The sightings began immediately as the group assembled on the corner, and the list of species included several hawks, hummingbirds and others, but perhaps the most thrilling sighting was a male Black-Headed Grosbeak. There was an unfamiliar, especially melodic call coming from a large laurel sumac shrub on the side of the trail. Neither Clare nor Julian recognized the call, but the group eventually spotted a beautiful male Black-Headed Grosbeak deep inside the bush. When the sun emerged from behind a cloud and illuminated him, the subtle orange and yellow colors of his breast plumage was positively delightful. The group lingered at this exciting sighting for about fifteen minutes, as he continued to sing.
As the 11 o’clock hour arrived, the group began its walk back, and Clare suggested another trail where she had spotted a Phainopepla several weeks earlier feeding on the golden currant berries. Since many birds are territorial, especially during nesting season, the group was rewarded with a repeat sighting of the event Clare had witnessed several weeks earlier, a male Phainopepla in the same Golden Currant.
Here is a list of the twenty one species encountered on the April 14.
Cooper’s Hawk. Nice view of one soaring overhead.
Red-tailed Hawk. Good looks at an adult soaring overhead.
Mourning Dove. Several seen and heard; arguably the most common bird on Mt. Washington.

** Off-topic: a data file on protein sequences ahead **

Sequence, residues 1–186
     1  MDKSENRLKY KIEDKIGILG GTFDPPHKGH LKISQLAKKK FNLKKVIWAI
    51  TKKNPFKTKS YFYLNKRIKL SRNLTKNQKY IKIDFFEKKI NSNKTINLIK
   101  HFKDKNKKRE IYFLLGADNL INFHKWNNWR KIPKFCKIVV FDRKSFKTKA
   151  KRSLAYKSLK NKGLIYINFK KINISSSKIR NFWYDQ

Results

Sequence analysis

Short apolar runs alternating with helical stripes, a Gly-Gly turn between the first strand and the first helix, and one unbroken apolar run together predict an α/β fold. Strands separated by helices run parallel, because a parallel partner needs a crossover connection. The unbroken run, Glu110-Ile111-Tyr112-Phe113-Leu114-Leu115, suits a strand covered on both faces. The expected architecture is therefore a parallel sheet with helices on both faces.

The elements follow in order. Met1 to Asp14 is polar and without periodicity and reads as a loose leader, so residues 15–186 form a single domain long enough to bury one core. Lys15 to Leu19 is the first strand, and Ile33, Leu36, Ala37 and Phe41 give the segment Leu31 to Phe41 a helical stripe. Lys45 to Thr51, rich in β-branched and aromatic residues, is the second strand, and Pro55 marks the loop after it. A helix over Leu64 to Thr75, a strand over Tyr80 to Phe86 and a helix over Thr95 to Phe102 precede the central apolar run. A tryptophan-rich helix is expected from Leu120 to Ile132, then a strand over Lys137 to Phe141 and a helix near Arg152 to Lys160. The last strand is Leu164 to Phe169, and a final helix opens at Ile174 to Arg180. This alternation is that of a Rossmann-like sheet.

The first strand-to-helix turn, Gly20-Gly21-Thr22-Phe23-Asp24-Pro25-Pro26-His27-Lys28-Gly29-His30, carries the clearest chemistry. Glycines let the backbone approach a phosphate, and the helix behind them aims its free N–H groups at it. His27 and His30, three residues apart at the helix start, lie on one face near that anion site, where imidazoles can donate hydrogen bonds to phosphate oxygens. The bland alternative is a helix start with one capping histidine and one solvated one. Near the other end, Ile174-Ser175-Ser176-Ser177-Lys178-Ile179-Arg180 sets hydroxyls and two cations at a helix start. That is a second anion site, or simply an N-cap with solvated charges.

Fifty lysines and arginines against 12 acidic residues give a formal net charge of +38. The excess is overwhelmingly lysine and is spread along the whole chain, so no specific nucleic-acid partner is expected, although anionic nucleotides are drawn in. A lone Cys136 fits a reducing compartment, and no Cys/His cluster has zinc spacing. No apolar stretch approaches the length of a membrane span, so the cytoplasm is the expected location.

White-throated Swift. Several high overhead, migrating north.
Anna’s Hummingbird. Several, including a nice male flashing his gorget in the sun.
Rufous Hummingbird. One or two, passing through on their way north.
Allen’s Hummingbird. A few of this local resident. Smaller and paler below than Anna’s.
Black Phoebe. One on the corner of Elyria and San Rafael, and Clare heard another one.
[Western Kingbird. A flycatcher, possibly this species, on a quick fly-by overhead]
Western Scrub-jay. Abundant, active, and vocal, if not downright vociferous.
Common Raven. Common indeed. This is the bird most often seen soaring over Mt. Washington (crows don’t soar).
Bushtit. A small flock that Clare spotted, and we called back for closer inspection.
Bewick’s Wren. Daniel spotted one that we called in for a closer look.
Wrentit. Finally found this recent returnee to Mt. Washington, but he wouldn’t sit still for a prolonged look.
Northern Mockingbird. Several seen, including a pair defending their territory on Elyria Drive. Conspicuous and vocal, singing a medley of songs not to bring joy to our lives, but because its gonads are enlarging.
Phainopepla. A nice male heard, then found, dining on golden currant fruits. One of the few fruit-eating birds, usually preferring mistletoe berries.
[Yellow-rumped (Audubon's) Warbler. A brief look at a likely candidate; common here in winter, most have departed by mid-April]
California Towhee. Prolonged look at one in the middle of a lawn; usually in the brush and more difficult to see.
White-crowned Sparrow. Nice looks at this dapper winter visitor; most will have departed by the end of April.
Black-headed Grosbeak. His song gave away the location of this recently-arrived summer resident.
House Finch. Several seen; among the most common birds on Mt. Washington.